Oakland Hills students collect children’s books in Mexico

OAKLAND — Three enterprising boys, including one from Piedmont, start a nonprofit foundation that sends books to students in Cabo San Lucas, Mexico.

The Good Books Foundation, founded last June, has so far raised 250 books of books with a goal of 1,000 books by 2024. The boys are in the process of applying for official nonprofit status, Sahm said. Taguchi, from Oakland, a student at Head-Royce Private School in Oakland Hills.

“Why wouldn’t these children (in Mexico) have the same opportunities? Taguchi asked. “I’ve been to Cabo my whole life. I wanted a way to help, being literate in English with a love of reading. The love of reading helps us all, creates perspective.

Taguchi favors reading about finance, corporate structures and Wall Street. Taguchi crew member and friend Senmaru Hrncrik-Maruyama is based in Cabo San Lucas, the resort town at the southern tip of Mexico’s Baja Peninsula, and loves music, classic movies and literary classics. .

Taguchi’s other friend, Piedmont resident Josh Majteles, has been friends with Taguchi since third grade and enjoys reading fantasy books such as “Harry Potter” and “Lord of the Rings” series. Majteles said Head-Royce encourages students to be community-minded.

“We hope to inspire other children to take similar action,” said Josh Majteles, above, from Piedmont. (photo courtesy of the Good Books Foundation)

“We struggle to get many opportunities to do as much good as possible,” Majteles said. “We’re raising capital and books from the Bay Area and shipping it to Cabo where we’re in partnership with (Mexican non-profit educational group) Liga MAC.”

Taguchi found the organization through research. Liga MAC since 1997 has promoted educational support to thousands of people in Cabo, mostly students, with uniforms, shoes, tuition and school supplies. They were happy to help Taguchi in its mission to provide books for all grade levels, he said. Taguchi said many federal taxpayers do not pay state income tax.

“This leads to underfunding of non-essential programs like English books and libraries. We fulfill this role. English is the most used language and the United States has the best universities.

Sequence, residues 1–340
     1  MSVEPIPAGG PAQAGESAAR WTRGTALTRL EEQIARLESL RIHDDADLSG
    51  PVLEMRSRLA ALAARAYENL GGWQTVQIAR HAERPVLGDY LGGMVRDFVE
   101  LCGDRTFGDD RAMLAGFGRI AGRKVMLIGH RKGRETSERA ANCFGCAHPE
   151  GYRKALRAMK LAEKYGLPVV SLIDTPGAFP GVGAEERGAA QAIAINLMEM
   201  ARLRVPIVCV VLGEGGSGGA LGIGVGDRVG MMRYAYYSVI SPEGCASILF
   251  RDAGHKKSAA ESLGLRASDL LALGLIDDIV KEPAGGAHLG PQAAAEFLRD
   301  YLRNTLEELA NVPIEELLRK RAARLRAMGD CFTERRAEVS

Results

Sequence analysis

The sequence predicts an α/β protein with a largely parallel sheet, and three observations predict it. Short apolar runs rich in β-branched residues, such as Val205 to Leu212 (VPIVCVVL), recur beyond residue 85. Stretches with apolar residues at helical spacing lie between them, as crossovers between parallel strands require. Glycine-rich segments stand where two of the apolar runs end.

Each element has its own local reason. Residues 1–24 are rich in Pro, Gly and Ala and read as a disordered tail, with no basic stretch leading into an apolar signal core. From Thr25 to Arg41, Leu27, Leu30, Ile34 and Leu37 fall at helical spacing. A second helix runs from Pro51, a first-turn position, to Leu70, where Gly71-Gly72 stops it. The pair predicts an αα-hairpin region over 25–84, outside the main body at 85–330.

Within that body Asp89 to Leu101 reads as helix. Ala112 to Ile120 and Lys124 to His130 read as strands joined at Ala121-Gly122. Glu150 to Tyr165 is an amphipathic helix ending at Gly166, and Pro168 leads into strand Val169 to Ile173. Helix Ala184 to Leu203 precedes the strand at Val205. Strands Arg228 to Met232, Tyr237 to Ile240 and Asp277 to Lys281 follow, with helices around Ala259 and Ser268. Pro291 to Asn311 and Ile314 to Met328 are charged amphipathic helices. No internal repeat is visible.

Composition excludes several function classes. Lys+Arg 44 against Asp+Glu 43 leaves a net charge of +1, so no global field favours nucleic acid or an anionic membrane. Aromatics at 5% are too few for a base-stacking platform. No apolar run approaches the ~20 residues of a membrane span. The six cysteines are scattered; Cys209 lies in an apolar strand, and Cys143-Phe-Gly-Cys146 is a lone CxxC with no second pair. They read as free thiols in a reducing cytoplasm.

“Good Books gives underserved children a way to learn English through a myriad of books ranging from picture books to classic American novels.”

The boys had had trouble getting their donated books across the border to Cabo San Lucas.

“It cost about $200 to ship 100 books,” Taguchi said. “We were trying to find other ways to get the books to Cabo, through shipping companies like UPS or Amazon. The main problem was the means of distribution. It was like a gift from God,” that La Liga MAC apparently greased the wheels of trade for the boys.

Majteles shared his enthusiasm for the project.

“Our organization is very valuable. He has his own niche. Being literate is the foundation of a successful college career,” Majteles said. “These children are caught in a cycle of poverty, trying to succeed in a world that prevents them from succeeding.

“What we do is important. You don’t see people our age doing things like that. It’s good to volunteer at a food bank, but we wanted to do more. We hope to inspire other children to take similar action. Reading books is kind of an endangered species and we can help change that. »

Rob Majteles, his father, is extremely proud of his son’s efforts.

“We are delighted to see him jump like this. He never asked us about it, he just started creating it,” the senior Majteles said. “He pledged through his friendship (with Sahm) to do more. He sang to Josh. He was driven his way of doing things – grabbing books, calling people. What I love about this kid , is that (he realizes) that this kind of reading project matters to everyone. A big lesson that we can all do more, light up a dark room. Just do it.”

For more information, visit goodbooksfoundation.com online.

Linda Davis is a longtime correspondent in Piedmont. Reach her with topical advice or feedback at [email protected]

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